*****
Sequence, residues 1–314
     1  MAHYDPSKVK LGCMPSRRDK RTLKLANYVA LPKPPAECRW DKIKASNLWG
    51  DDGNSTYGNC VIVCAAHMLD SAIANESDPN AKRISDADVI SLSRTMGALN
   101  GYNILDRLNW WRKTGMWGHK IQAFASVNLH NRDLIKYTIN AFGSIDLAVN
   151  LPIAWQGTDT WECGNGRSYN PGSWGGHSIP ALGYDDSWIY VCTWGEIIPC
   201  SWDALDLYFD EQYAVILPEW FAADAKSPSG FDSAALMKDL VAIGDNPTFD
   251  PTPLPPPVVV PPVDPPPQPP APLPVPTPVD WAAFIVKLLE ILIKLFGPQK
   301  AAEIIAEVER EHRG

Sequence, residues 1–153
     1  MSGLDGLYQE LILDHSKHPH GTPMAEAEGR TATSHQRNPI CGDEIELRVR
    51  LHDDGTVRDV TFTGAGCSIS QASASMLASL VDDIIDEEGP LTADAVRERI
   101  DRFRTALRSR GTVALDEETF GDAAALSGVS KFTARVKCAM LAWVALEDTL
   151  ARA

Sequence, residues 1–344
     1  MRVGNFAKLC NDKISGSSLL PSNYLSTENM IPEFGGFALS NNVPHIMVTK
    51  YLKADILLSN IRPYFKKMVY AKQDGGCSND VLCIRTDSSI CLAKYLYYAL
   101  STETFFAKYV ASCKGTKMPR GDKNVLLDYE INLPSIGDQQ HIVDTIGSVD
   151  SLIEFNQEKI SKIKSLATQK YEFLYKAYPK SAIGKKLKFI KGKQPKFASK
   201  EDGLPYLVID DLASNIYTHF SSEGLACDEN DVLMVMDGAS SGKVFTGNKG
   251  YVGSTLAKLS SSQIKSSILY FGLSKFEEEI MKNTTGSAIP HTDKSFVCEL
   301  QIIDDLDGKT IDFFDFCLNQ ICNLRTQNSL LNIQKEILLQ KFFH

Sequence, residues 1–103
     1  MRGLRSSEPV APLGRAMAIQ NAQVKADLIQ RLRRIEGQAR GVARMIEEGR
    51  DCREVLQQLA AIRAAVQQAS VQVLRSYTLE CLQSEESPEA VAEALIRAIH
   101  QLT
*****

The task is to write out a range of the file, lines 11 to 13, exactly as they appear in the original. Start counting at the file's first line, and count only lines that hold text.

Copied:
    51  LHDDGTVRDV TFTGAGCSIS QASASMLASL VDDIIDEEGP LTADAVRERI
   101  DRFRTALRSR GTVALDEETF GDAAALSGVS KFTARVKCAM LAWVALEDTL
   151  ARA